Product design and process selection for services fms


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Product design and process selection for services fms

  1. 1. DESIGN AND PROCESS SELECTION OF SERVICES<br />Prof. Kaushik Paul<br />
  2. 2. 2<br />OBJECTIVES <br />Nature of Services (Generalizations)<br />Classification of services<br />The service Triangle<br />Applying behavioural science to service encounters<br />Service Strategy: Focus & Advantage<br />
  3. 3. 3<br />OBJECTIVES <br />Service-System Design Matrix<br />Service Blueprinting <br />Service Fail-Safing (Poka Yokes)<br />The three contrasting service designs <br />Characteristics of a Well-Designed Service Delivery System<br />
  4. 4. 4<br />NATURE OF SERVICES (GENERALIZATIONS)<br />Everyone is an expert on services (Good deal of experience with services)<br />Services are idiosyncratic (Lunch at Jack-in-the-Box vis-à-vis an expensive French Restaurant)<br />Quality of work is not quality of service (Auto dealership does good work on your car, but takes weeks to deliver)<br />Most services contain a mix of tangible and intangible attributes (service package)<br />High-contact services are experienced, whereas goods are consumed <br />Effective management of services requires an understanding of marketing and personnel, as well as operations<br />Services often take the form of cycles of encounters involving face-to-face, phone, Internet, electromechanical, and/or mail interactions <br />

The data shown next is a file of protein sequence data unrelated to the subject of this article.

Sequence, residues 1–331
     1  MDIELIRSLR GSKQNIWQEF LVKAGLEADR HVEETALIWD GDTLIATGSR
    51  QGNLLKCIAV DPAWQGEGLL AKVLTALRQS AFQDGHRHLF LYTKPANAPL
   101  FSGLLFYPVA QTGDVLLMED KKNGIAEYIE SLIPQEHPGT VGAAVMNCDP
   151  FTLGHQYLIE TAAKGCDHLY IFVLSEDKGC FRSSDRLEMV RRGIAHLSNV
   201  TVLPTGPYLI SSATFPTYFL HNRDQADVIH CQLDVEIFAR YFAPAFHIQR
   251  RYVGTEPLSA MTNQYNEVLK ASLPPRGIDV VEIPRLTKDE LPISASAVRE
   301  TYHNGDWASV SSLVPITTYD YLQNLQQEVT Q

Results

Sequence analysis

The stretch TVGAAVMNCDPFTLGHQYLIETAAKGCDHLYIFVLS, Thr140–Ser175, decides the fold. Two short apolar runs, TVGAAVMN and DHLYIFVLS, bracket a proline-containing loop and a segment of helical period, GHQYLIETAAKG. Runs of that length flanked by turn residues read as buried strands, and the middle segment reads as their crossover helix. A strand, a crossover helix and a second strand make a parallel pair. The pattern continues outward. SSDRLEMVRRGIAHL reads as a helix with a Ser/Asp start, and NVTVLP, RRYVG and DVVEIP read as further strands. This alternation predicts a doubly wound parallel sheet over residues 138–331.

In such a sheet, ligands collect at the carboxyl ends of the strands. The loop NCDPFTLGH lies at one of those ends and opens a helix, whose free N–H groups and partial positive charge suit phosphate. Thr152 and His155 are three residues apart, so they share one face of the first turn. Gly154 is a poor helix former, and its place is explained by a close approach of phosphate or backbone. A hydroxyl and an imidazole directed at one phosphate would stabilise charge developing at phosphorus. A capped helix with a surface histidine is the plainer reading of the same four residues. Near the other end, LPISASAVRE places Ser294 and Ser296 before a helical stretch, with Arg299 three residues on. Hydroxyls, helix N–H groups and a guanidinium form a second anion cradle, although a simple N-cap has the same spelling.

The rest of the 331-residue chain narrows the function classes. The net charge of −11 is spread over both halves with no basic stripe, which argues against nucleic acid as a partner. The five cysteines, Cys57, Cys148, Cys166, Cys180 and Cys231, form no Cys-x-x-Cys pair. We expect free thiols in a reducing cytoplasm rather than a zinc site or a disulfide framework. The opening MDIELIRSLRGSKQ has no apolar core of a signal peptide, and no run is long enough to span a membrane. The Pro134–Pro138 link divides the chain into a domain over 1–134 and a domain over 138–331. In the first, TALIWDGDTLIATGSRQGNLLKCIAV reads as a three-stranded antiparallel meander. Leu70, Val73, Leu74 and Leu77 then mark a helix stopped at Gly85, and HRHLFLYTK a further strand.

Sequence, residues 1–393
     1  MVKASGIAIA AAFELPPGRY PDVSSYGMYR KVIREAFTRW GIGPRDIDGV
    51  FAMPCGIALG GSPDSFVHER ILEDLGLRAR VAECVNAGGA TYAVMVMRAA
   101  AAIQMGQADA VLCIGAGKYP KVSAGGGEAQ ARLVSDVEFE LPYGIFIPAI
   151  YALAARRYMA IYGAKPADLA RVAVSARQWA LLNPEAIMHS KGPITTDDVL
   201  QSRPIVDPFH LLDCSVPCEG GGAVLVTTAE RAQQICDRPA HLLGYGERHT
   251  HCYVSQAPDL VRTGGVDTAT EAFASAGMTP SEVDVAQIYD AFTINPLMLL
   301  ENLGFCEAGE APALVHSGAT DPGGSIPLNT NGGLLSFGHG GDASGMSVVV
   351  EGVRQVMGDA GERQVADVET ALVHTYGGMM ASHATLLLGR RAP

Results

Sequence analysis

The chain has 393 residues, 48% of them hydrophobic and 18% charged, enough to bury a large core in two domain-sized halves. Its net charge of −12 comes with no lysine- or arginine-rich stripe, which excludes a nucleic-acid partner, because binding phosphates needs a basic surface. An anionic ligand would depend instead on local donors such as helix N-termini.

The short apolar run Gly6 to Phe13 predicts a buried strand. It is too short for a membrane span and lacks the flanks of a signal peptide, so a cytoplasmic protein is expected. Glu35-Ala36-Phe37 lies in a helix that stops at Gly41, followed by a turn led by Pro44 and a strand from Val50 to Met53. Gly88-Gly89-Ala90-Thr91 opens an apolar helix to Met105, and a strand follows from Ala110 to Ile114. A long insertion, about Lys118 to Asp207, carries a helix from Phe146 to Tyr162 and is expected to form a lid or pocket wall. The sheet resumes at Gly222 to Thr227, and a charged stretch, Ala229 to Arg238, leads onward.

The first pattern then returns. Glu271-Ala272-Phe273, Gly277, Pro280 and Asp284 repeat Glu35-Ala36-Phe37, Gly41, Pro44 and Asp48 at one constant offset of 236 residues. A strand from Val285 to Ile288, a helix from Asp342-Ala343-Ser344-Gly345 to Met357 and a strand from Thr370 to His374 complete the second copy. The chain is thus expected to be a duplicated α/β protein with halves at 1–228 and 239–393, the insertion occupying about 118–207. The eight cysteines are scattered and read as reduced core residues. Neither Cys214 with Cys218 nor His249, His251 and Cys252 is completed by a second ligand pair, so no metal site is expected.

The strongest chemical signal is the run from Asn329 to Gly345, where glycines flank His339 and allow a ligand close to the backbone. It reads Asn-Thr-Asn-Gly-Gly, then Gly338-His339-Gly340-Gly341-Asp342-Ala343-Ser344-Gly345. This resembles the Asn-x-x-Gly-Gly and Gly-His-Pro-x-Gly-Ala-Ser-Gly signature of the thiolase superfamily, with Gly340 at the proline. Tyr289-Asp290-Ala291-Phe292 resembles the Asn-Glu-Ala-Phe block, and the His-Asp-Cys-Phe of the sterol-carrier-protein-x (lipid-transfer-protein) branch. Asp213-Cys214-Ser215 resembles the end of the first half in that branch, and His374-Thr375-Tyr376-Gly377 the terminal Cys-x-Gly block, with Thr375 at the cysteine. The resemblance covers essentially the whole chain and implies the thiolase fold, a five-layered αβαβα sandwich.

5. 5. 5<br />CLASSIFICATION OF SERVICES<br />A service business is the management of organizations whose primary business requires interaction with the customer to produce the service<br />Facilities-based services: Where the customer must go to the service facility<br />Field-based services: Where the production and consumption of the service takes place in the customer’s environment<br />
  6. 6. 6<br />Internal Supplier<br />Internal<br />Customer<br />External<br />Customer<br />Internal Supplier<br />INTERNAL SERVICES<br />Internal services is the management of services required to support the activities of the larger organization. Services including data processing, accounting, etc<br />